Alongside these, the report provides a long-term vision for the transformational potential of digital and data-enabled healthcare, outlining the key enablers, capabilities, and partnerships that are required to make this a reality.
Dr Sood, who is also a practicing GP in London, said: “The NHS Long Term Plan (LTP), and the Health and Social Care Secretary have both identified the crucial role that digital transformation will play in our ability to meet the health and care demands of the 21st Century.
“However, the recently published White Paper highlights that there are still barriers to integrating technology effectively.
The Government will only be successful in its aims to enhance the current structure of the NHS if it ensures that digital innovation is at the centre of all health and social care reforms moving forward
“The insight gained from the roundtable discussions and interviews revealed that there is a tremendous desire to embrace the new possibilities of enhancing health and care using technology and data.
“We need to remove the institutional and systemic barriers in working efficiently for patients and healthcare professionals and improve the widening health inequalities.
“The report calls for healthcare professionals, industry leaders, policymakers, and the general public to think and act differently, looking to a future in which population health is empowered by innovative technology and data directs how healthcare is delivered in the 21st Century.
“As our population continues to age, the digitisation of the NHS will enable care to be more joined up and the structures in place to link health and social care to be drastically improved.”
Published in partnership with Novartis, Cerner, Cloudgateway, Siemens Healthineers, Nourish Care, and VitalityHealth; the report incorporated insights from three extensive roundtable discussions and interviews with over 70 leaders and expert representatives from policy, system leadership, frontline care, social care, mental health, the third sector, and leading players in research, life sciences, digital health, and the tech sector.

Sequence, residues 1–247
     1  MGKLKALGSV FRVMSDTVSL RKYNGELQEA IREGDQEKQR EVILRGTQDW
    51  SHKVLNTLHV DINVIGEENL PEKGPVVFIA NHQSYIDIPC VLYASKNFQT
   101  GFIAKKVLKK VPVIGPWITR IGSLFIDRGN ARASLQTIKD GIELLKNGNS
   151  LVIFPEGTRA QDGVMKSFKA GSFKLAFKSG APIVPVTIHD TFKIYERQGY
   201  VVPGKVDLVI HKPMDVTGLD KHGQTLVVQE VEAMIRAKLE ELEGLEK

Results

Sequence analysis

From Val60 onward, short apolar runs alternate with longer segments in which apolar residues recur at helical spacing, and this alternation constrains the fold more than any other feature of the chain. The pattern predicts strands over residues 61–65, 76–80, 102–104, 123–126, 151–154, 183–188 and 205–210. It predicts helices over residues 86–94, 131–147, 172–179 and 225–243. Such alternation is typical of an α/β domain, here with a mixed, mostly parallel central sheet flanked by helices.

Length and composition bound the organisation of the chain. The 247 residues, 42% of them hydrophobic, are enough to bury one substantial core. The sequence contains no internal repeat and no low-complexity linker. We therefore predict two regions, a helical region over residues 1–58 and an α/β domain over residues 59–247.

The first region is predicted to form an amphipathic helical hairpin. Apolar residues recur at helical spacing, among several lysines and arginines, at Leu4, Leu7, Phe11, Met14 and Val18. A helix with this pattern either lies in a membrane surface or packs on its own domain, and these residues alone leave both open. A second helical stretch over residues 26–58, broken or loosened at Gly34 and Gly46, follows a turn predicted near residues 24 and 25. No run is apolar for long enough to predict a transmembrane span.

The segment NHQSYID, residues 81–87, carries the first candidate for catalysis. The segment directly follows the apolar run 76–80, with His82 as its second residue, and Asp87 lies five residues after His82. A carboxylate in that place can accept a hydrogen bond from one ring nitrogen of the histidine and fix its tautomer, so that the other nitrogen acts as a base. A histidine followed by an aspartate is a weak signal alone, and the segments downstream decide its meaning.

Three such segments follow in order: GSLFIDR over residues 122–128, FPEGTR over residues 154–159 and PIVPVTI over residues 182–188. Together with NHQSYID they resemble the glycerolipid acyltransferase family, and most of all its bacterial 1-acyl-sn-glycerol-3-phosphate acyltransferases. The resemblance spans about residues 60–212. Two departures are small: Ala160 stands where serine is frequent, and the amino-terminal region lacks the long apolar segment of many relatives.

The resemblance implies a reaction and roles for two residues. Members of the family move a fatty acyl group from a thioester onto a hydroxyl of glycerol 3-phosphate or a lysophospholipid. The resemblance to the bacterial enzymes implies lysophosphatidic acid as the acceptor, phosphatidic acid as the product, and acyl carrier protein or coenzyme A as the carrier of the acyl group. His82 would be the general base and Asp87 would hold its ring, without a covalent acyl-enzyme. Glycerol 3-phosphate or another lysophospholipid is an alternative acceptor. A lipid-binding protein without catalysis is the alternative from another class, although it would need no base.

Baroness Blackwood said: “The rapid expansion of new forms of system collaboration and remote care experienced during the pandemic has heightened the need to rethink both the ambitions and plans for the digital and medical technologies agenda.
The insight gained from the roundtable discussions and interviews revealed that there is a tremendous desire to embrace the new possibilities of enhancing health and care using technology and data
“But the Government will only be successful in its aims to enhance the current structure of the NHS, provide clear lines of accountability, and integrate health and care services if it ensures that digital innovation is at the centre of all health and social care reforms moving forward.
“The Department for Health and Social Care must build on the momentum generated over the course of the pandemic to drive substantive culture and practice change towards digital-first healthcare provision which is more proactive, predictive, and effective.”
The report heralds the beginning of an ongoing cross-sector conversation on the future of digitally-empowered healthcare that will comprise an annual report and a series of events, debates, and roundtables to explore the themes and policy recommendations that have arisen in more depth.
Click here for details of the planned government reforms.